I think most would agree that egregores, thoughforms, and even servitors are very similar concepts, and though there are differences, one might even argue that they’re essentially different degrees of the same sort of spirit. There are, though, other categories of spirit that I think might function like egregores, despite popular lore suggesting otherwise.
Among them is the notion of place-based spirits, also known as genius loci. Conventional occult wisdom would argue that such spirits exist in and of themselves, independent of human intervention, and thus cannot be conflated with egregores. I am not so sure. The truth is, it would be impossible to verify whether any entity or spirit exists outside of human interaction insofar as we can only understand them via interacting with them.
There is no way to discern, for example whether the spirit of a stream was in existence prior to humans visiting and drawing water there. Such a spirit might claim that it was, but similarly, many thoughtforms claim great ages as well or impossible origins, by their very design. This isn’t a lie on the part of the spirit - it reflects the personal mythology developed around it by its creators.
My Personal Experiences
Having interacted with different entities of these sorts, I do argue that place-based spirits have much in common with egregores. Regardless of whether they exist prior to human interaction, they’re definitely shaped and cultivated by humans. Those documented in popular lore tend to have features clearly influenced by the cultures with which they interact and the sentiments of the time in which they were well-known. As such, yes, I’d call them very similar to egregores and I’ve had no trouble approaching them in much the same way. Whether they’re the same creatures or not is really immaterial.
My first ever experience with a spirit of this sort drives home this point, as I never did determine whether it loosely qualified as an egregore or a genuis loci. At age eighteen, I moved to Indiana to attend a small liberal arts college with a colorful history. At the time I was a few years into practicing magick, but still struggling. I was quite pleased to discover many other students were interested in the occult as well, though.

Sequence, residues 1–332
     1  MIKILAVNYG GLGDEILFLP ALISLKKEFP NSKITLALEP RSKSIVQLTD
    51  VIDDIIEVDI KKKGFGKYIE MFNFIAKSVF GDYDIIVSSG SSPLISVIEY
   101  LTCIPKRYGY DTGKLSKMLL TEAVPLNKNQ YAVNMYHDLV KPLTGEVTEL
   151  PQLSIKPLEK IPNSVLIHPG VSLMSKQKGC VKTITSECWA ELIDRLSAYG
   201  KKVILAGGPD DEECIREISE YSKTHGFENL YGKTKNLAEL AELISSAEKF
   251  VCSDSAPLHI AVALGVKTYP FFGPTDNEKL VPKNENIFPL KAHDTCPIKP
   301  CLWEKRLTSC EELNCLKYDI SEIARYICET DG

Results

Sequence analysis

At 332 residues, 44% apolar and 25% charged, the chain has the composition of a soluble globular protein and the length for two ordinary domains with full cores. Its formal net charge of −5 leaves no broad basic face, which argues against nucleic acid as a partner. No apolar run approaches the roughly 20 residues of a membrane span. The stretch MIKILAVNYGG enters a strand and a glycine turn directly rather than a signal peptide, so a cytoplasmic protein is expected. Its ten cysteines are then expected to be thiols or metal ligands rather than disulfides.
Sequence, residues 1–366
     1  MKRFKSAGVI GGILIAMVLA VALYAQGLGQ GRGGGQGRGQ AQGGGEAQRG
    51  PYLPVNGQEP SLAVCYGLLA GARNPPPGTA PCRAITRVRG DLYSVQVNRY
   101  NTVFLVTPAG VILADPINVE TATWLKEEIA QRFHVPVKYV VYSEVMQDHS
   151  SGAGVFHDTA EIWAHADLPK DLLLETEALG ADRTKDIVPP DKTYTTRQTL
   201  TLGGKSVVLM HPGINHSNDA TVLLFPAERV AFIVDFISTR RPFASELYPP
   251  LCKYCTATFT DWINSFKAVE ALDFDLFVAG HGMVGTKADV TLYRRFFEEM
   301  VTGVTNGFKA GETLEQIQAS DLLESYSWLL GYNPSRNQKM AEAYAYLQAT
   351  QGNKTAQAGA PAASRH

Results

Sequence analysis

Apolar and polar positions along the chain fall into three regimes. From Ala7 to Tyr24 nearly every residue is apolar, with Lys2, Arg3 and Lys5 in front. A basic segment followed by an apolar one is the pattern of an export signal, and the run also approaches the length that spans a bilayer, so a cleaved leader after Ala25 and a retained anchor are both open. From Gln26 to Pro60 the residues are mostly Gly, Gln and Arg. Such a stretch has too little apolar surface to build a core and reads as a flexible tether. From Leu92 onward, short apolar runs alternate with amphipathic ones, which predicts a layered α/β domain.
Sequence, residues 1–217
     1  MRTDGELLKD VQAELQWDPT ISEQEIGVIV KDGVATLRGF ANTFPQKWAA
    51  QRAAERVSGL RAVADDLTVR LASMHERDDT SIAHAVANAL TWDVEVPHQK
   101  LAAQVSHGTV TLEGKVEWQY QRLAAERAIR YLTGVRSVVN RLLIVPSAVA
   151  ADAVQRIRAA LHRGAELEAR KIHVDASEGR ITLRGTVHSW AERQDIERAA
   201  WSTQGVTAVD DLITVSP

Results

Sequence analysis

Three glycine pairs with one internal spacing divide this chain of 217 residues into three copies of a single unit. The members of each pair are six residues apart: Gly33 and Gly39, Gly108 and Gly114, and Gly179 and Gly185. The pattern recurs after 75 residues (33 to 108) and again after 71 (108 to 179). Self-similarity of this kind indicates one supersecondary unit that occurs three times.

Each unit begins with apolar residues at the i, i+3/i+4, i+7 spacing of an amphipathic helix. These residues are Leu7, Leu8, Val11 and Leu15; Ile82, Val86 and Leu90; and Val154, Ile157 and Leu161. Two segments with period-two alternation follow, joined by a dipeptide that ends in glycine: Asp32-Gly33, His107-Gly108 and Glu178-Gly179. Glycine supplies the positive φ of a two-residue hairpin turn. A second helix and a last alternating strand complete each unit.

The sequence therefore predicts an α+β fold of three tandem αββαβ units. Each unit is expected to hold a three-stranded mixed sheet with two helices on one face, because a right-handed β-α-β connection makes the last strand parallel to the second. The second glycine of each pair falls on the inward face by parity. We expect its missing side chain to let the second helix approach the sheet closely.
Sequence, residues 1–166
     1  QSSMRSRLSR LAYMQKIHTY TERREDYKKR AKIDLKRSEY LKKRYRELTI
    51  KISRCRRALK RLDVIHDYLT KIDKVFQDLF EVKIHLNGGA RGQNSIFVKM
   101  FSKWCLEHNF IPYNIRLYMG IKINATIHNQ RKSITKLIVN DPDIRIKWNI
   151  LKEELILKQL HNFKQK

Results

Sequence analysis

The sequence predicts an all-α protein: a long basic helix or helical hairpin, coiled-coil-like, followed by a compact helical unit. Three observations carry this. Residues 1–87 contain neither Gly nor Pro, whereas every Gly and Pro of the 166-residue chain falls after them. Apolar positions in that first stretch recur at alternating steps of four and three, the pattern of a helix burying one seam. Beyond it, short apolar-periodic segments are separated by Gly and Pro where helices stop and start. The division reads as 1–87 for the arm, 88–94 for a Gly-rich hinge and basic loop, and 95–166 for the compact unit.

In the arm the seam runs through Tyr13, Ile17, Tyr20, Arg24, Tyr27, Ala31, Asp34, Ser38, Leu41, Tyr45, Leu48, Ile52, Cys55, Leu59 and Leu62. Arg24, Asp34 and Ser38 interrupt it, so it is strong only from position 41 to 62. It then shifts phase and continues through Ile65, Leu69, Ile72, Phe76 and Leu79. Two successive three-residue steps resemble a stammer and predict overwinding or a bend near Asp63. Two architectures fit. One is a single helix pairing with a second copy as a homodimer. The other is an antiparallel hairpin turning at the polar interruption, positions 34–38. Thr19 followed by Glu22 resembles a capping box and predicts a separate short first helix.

Many of them seemed to be of the opinion that there was a strong presence on campus, particularly at certain hours and in certain places. Interestingly, very few (if anyone) ever claimed to have seen it. It was more a matter of feeling that something or someone was nearby, unseen. It lacked the unsettling qualities usually seen with this kind of experience, and the overall consensus was that whatever it was, it wasn’t malevolent. Indeed, it seemed rather friendly.
To explain a bit of what it felt like (and realizing this verges into the territory of UPG), it was, again, a sense of someone being present but relatively uncommunicative, and unseen. If you’ve ever experienced sleep paralysis and the sense of “someone’s there” that comes with that, it was very similar, but lacked the element of terror you’d find in sleep paralysis. Instead of terror, there was a feeling of prankishness and wonderment.
College students can be prone to histrionics, and no doubt we were, but I’ll never shake the notion that there was, in fact, some reality in this experience. One reason I still think so: there were, in fact, physical aspects to the phenomenon, with objects (sometimes large and heavy and not easily misplaced) going missing in certain areas where it was strongly felt.
Ultimately I decided that the presence was probably the college itself, either and egregore of the student body and professors, or a genius loci, or possibly both. As time went on and I left that school, I got a little better at sensing such things and became aware that, even if not fully-formed, most places will have some sort of spirit associated with them. It does remain to be seen, though, whether the spirits are the creation of those visiting and living in the location, or something more primal that was discovered rather than created.
I was especially surprised when I moved to Pittsburgh to realize that cities (some of them) have very strong and personable spirits associated with them, be they egregores of those who live there or some kind of manifestation of the physical location without human intervention. It was during this period that I began to realize the usefulness of such spirits and how helpful they can be. For me, it takes a great deal of effort to get in touch with such an entity in a new place, and involves careful historical research as well as experimenting with different techniques of invocation and evocation, but it’s well-worth it.
Soon, I’ll be posting a continuation of this article where I’ll discuss techniques for communicating with these things and possible uses for said communication.